The National Voting Rights Act was passed in 1993 which made it easier for all Americans to register, vote, and maintain their registration. Until June 2013, voting laws and practices were under close scrutiny by the US Justice Department because in Southern states and elsewhere voters experienced restrictive policies. The Shelby County v 1965. The Voting Rights Act protects the rights of minority voters and eliminates voting barriers such as the literacy test. The Act is expanded and renewed in 1970, 1975, and 1982. 1966. The Supreme Court, in Harper v. Virginia Board of Elections, eliminates the poll tax as a qualification for voting in any election On the other hand, civil rights campaigners felt that much more needed to be done, especially in terms of housing and voting rights. Voting Rights Act 1965 Causes See Office of the Historian, U.S. House of Representatives, Documentary: Selma and the Voting Rights Act of 1965. For an overview and analysis of the legal and social effects of the act, see William D. Araiza, Voting Rights Act of 1965, in Major Acts of Congress, vol. 3: 271-278. 111 Thurber, The Second Reconstruction: 543

What did the Voting Rights Act of 1965 accomplish?It

The Voting Rights Act of 1965 expanded Asian-American voting rights even further by adding protections and accommodations for voters with limited English, such as access to translators and ballots. An Extension of the Fight for Civil Rights. Just as the 1924 legislation was a reflection of what John Higham called the tribal twenties, 6 the 1965 legislation was a signature moment of the 1960s. A year earlier Congress had passed the Civil Rights Act, barring discrimination on grounds of race, color, religion, sex, or national origin

Voting Rights Act of 1965 (U

While it's not a comprehensive as the For The People Act which outright prohibits most voter suppression tactics and eliminates gerrymandering, the John Lewis Act restores key provisions of the Voting Rights Act of 1965 requiring that states with a history of racial voting discrimination get pre-clearance from the Justice Department before. Elections and Voting. One of the most important rights of American citizens is the franchise—the right to vote. Originally under the Constitution, only white male citizens over the age of 21. Lillian's Right to Vote: A Celebration of the Voting Rights Act of 1965 by Jonah Winter and Shane W. Evans While the 15th Amendment gave African American men the right to vote in 1870 and the 19th Amendment gave women of all races the right to vote in 1920, in reality, systemic racism in voting practices and state law prohibited many African. Why Voting—and Voter Suppression—Matter. September 30, 2020. By Boreta Singleton, Mercy Associate and member of the Institute Office of Anti-Racism and Racial Equity Collaborating Committee. In this centennial year of the passage of the 19 th Amendment, which granted women in the United States the right to vote, we often hear stories of suffrage movement leaders Elizabeth Cady Stanton or.

Why were some people were opposed to women voting? Learn the definition of civil disobedience and research examples. Learn who represents you in the United States Congress and how to contact them to express your opinion on an issue important to you. Learn about the Civil Rights Act of 1964 and the Voting Rights Act of 1965 Indigenous people must apply for citizenship. The Voting Rights Act of 1965 and subsequent laws passed in 1970, 1975 and 1982 built stronger voting protections to allow Native Americans to vote without intimidation, literacy tests, poll taxes and fraud. 196 On March 15, 1965, President Lyndon B. Johnson addressed Congress asking for their support to pass the Voting Right Act of 1965. This legislation — until recently — provided clear, uniform. Who started the voting rights? It was signed into law by President Lyndon B. Johnson during the height of the civil rights movement on August 6, 1965, and Congress later amended the Act five times to expand its protections. Who led the Voting Rights Act of 1965? This act was signed into law on August 6, 1965, by President Lyndon Johnson While Wilson argued voter ID was a common sense solution that would not discriminate, he also focused on why the Voting Rights Act of 1965 - which requires laws pertaining to voting in South Carolina and seven other states be cleared by the justice.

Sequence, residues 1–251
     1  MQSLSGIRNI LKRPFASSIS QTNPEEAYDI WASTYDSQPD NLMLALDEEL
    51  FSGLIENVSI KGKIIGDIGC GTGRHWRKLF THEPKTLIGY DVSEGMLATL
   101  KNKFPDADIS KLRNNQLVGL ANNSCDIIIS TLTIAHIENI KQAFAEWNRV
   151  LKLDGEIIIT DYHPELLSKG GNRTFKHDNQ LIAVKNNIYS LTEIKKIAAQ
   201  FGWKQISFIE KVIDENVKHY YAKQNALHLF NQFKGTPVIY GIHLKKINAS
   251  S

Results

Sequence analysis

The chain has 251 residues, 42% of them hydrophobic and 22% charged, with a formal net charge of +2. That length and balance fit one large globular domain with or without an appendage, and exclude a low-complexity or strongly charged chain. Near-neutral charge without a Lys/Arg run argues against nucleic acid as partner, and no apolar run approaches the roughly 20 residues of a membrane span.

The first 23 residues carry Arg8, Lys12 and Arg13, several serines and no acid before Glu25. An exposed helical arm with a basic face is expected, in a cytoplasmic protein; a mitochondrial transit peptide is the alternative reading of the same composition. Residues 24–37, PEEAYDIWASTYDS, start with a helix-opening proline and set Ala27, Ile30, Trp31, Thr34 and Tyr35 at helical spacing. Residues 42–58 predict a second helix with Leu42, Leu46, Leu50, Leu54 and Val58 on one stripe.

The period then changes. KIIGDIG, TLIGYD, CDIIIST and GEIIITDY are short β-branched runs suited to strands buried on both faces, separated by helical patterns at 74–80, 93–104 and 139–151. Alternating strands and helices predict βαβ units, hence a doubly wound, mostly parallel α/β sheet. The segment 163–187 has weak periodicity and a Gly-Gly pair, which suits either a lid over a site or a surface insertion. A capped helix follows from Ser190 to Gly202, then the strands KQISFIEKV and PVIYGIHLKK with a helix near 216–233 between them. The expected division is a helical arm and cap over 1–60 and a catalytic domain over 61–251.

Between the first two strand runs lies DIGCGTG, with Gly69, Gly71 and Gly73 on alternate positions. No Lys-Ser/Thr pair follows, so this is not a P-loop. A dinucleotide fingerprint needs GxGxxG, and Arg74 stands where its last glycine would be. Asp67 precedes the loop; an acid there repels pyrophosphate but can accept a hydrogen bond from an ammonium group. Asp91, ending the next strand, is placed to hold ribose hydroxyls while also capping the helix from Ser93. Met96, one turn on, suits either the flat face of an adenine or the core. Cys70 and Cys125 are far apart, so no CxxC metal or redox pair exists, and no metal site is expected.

Martin Luther King, Jr. (born Michael King, Jr.; January 15, 1929 - April 4, 1968) was an American pastor, activist, humanitarian, and leader in the Civil Rights Movement.He was best known for improving civil rights by using nonviolent civil disobedience, based on his Christian beliefs. Because he was both a Ph.D. and a pastor, King is sometimes called the Reverend Doctor Martin Luther King. Following Reconstruction, they would be denied their legal right to vote in many states until the Voting Rights Act of 1965. But all of this was yet to come. The Americans of 1865 were standing at. Amazon.com: Why Voting Is Important?! Hello Select your address All Hello, Sign in. Account & Lists Account Returns & Orders. Cart All. Best Sellers Prime Customer Service New Releases Find a Gift Whole Foods Today's Deals Books Gift Cards. August 6, 1965 The Voting Rights Act of 1965 was signed into law. The Section 5 provision requiring pre-clearance of voting policy changes in Southern states was renewed in 1970, 1975, 1982, 2006, until the Supreme Court decision in 2013 Much of this was covered on national television and focused the country's attention on civil rights issues for the first time. Public outrage helped spur the U.S. Congress to pass the Civil Rights Act of 1964 and the Voting Rights Act of 1965. Freedom Summer is a term invented after these events occurred The visibility that SCLC brought to the civil rights struggle laid the groundwork for passage of the Civil Rights Act of 1964 and the Voting Rights Act of 1965. By the latter half of the decade, tensions were growing between SCLC and more militant protest groups such as SNCC and the Congress of Racial Equality